Hundreds Arrested at Multiple Minimum Wage Protests

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On Tuesday many big cities saw thousands of low-wage workers taking to the streets, protesting in favor of a $15 minimum wage. Union activists, politicians, and church members joined the nationwide demonstrations and almost 200 people were arrested across the U.S.

Workers joined the cause in airports, travel hubs, and highways by walking off their jobs or blocking traffic. About 500 employees at O’Hare International Airport in Chicago took part in a strike, alleging unfair labor practices. Hundreds of people chanted slogans outside of the terminals while police officers had to put up gates to make room for travelers to walk past. “We’re not asking for special treatment, we’re asking for decent treatment. We’re asking for decent wages,” said Kisha Rivera, an airplane cabin cleaner at O’Hare.

Thousands of people planned to walk out from their jobs at different McDonald’s restaurants, according to organizers, and one of the chain’s restaurants in St Louis had its drive-through blocked by people for half an hour. A state senator in Massachusetts who sat down with protesters in the middle of a street in Cambridge was arrested. In North Carolina a reverend was arrested, and in Manhattan four local and state officials were arrested as well, after 200 protesters blocked traffic in the Financial District. By Wednesday morning, arrests were up to 26 in New York City, 36 in Cambridge, Massachusetts, 39 in Detroit, and 40 in Los Angeles.

Whether or not to raise the minimum wage is always a hot political topic. Liberal think tank Economic Policy Institute says that raising the minimum wage from the current $7.25 per hour to $12 per hour would affect 35 million workers across the nation and help them get off government assistant programs. But conservative organization Employment Policies Institute argues that the raised costs of a higher minimum wage would result in fewer jobs and the closure of businesses.

President-elect Donald Trump has not been very clear on his stance on the minimum wage. At a Fox Business debate last year he said that wages are too high, but later denied having said that, and claimed he only meant that there’s no need to raise the minimum wage. And then this summer he said at a press conference that the federal “minimum wage has to go up” to at least $10, but only a few months earlier he said it should be up to each state to decide. At this point it’s unclear if he’s made up his mind on minimum wage policy.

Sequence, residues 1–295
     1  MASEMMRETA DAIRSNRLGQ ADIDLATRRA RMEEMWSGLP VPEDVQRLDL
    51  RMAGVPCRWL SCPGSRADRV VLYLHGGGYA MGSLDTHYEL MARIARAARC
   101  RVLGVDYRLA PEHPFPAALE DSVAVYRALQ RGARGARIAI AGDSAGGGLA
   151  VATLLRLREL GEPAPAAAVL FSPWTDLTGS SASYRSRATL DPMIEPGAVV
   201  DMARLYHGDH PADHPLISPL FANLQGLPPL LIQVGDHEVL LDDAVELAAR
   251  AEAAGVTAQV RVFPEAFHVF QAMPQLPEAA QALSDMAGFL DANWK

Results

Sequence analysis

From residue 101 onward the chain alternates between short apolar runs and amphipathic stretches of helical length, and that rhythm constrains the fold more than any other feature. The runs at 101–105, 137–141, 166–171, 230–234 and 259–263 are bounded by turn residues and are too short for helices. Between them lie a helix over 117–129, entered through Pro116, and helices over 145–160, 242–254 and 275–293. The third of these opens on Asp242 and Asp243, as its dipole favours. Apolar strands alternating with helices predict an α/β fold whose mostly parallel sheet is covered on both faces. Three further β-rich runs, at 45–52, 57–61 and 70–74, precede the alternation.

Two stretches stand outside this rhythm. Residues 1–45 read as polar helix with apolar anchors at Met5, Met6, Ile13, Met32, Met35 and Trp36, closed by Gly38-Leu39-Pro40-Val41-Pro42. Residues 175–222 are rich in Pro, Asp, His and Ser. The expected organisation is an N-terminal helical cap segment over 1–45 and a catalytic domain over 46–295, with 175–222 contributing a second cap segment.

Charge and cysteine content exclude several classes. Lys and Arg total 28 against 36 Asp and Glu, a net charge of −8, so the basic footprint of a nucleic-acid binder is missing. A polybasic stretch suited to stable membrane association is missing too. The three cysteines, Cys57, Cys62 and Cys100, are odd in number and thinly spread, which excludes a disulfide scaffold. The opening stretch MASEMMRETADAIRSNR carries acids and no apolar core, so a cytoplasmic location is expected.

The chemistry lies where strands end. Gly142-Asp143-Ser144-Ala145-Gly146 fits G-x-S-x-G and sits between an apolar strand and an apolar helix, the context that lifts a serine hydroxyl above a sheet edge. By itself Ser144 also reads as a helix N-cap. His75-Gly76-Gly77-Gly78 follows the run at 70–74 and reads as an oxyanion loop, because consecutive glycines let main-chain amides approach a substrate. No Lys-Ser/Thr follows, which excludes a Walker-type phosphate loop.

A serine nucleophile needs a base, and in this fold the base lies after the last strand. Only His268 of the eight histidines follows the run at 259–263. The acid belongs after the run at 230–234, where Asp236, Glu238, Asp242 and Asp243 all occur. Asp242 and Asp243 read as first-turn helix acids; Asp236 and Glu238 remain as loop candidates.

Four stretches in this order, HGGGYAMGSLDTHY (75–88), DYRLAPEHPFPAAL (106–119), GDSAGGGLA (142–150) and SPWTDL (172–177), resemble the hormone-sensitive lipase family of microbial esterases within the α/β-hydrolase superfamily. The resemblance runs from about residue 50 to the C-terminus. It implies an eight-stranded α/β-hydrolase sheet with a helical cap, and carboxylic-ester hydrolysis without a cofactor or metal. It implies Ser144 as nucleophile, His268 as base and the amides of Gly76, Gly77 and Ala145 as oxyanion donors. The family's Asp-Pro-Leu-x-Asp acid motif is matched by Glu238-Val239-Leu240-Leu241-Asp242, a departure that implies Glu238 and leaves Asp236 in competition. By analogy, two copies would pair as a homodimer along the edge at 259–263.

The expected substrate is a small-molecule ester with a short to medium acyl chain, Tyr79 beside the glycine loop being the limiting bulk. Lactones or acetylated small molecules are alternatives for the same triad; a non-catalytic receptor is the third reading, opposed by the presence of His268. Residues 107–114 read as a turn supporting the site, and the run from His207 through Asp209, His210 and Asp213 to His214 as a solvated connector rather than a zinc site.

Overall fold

The main organizer behind the nationwide protests was the Fight for $15 movement, which is supported by many labor unions. Organizers said that they wanted to draw attention to more areas than just traditional low-wage jobs like fast-food restaurants, by focusing on all kinds of working class Americans. The tactic of protesting at places like airports rather than outside of restaurants, and trying to appeal to people in other fields, seemed to be successful. Workers from childcare facilities, individuals who work in healthcare, and even Uber drivers joined the cause. The question is whether Trump (and other politicians) will listen.

Emma Von Zeipel
Emma Von Zeipel is a staff writer at Law Street Media. She is originally from one of the islands of Stockholm, Sweden. After working for Democratic Voice of Burma in Thailand, she ended up in New York City. She has a BA in journalism from Stockholm University and is passionate about human rights, good books, horses, and European chocolate. Contact Emma at EVonZeipel@LawStreetMedia.com.



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